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Canadian dollar slips as recession fears weigh on commodities

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·2 min read
FILE PHOTO: A Canadian dollar coin, commonly known as the "Loonie", is pictured in this illustration picture taken in Toronto
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By Fergal Smith

TORONTO (Reuters) - The Canadian dollar weakened against its U.S. counterpart on Thursday as investors weighed the risk of a global economic slowdown and preliminary domestic data showed factory sales falling in May.

The loonie was trading 0.3% lower at 1.2985 to the greenback, or 77.01 U.S. cents, after touching its weakest since Monday at 1.3017.

"With recession fears spooking markets more generally, commodity prices were under pressure today, which saw the Canadian dollar also on its back foot," said Royce Mendes, director & head of macro strategy at Desjardins.

Purchasing managers' data showed a loss of economic momentum in some major European economies. Investors are concerned that interest rate increases to quell decades-high inflation will tip economies into recession.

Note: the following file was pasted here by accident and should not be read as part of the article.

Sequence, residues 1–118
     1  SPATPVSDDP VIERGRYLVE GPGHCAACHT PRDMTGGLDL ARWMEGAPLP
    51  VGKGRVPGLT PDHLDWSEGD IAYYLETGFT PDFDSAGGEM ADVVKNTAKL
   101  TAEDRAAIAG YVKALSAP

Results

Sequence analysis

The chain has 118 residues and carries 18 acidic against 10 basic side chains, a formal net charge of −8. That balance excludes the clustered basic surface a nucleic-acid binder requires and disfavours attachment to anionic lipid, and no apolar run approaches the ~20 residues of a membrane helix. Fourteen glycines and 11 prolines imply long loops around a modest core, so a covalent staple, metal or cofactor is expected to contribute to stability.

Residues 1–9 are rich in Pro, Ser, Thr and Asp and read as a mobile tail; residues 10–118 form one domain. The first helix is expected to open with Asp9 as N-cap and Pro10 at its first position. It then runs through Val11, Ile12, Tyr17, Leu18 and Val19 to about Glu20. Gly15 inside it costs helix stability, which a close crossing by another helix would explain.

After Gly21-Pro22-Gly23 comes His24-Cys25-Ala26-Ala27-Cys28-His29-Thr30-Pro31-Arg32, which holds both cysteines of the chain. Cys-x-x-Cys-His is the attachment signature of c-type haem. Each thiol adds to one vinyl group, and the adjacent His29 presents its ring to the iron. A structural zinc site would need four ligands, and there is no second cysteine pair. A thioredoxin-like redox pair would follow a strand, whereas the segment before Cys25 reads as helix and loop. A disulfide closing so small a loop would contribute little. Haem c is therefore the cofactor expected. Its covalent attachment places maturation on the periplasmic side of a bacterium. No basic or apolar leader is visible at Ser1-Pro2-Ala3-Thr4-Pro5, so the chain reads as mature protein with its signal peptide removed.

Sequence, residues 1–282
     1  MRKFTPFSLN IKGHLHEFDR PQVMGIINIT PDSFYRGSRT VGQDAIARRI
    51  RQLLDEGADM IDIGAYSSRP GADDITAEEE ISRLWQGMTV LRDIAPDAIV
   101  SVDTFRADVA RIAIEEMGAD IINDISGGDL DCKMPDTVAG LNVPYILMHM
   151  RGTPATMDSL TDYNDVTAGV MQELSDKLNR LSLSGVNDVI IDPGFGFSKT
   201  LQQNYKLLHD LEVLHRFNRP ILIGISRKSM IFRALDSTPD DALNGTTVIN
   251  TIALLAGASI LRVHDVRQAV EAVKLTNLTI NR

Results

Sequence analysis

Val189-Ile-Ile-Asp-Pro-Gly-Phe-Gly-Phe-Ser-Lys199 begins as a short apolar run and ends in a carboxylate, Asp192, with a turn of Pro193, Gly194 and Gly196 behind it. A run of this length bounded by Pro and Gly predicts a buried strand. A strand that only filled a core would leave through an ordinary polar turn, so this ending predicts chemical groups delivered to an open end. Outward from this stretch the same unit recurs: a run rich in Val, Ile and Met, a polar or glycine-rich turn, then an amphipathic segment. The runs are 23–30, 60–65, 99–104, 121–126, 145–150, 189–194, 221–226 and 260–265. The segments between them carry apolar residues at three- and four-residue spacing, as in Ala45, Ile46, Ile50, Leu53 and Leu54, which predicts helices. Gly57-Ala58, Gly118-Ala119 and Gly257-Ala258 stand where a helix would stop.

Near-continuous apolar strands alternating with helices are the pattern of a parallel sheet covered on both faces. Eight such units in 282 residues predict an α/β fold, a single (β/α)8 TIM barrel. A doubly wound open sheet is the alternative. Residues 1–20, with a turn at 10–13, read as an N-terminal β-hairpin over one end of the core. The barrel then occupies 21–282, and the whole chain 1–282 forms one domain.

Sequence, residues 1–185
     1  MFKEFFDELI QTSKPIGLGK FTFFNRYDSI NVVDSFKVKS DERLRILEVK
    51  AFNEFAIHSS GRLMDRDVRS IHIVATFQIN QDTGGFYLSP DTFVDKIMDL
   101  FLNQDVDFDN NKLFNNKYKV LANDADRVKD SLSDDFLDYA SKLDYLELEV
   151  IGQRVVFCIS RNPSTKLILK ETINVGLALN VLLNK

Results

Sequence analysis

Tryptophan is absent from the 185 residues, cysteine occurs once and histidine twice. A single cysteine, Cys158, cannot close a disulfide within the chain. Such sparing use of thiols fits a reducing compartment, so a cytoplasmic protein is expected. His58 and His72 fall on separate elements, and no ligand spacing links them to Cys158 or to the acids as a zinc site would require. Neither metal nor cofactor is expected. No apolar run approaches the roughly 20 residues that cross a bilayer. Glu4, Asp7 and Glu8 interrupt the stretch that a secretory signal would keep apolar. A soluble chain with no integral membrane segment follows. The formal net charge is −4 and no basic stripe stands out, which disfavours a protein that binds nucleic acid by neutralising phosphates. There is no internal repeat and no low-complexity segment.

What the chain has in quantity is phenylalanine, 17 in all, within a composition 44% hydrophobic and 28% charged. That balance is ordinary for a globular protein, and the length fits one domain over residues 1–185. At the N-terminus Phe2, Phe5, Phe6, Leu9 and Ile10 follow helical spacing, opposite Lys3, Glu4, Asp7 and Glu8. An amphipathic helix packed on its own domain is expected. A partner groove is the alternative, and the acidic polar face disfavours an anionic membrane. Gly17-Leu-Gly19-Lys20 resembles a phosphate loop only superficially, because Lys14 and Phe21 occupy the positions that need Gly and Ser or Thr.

The price of oil, one of Canada's major exports, settled 1.8% lower at $104.27 a barrel as investors weighed the potential impact of slower economic growth on fuel demand.

Preliminary domestic economic estimates for May were mixed, with factory sales falling 2.5% from April but wholesale trade up 2%.

Still, money markets expect the Bank of Canada to raise interest rates three-quarters of a percentage point next month after data on Wednesday showed inflation jumping to its highest in nearly four decades.

The central bank has come under a rare attack from critics after misjudging inflation and locking itself into rigid forward guidance that prevented it from reacting swiftly as prices surged and Canada's economy began to overheat.

Canadian government bond yields were lower across the curve, tracking the move in U.S. Treasuries. The 10-year touched its lowest since June 10 at 3.224% before recovering to 3.294%, down 12.7 basis points on the day.

The Bank of Canada announced the bond auction schedule for the coming quarter, including four auctions of 10-year bonds.

(Reporting by Fergal Smith; Editing by Mark Heinrich)

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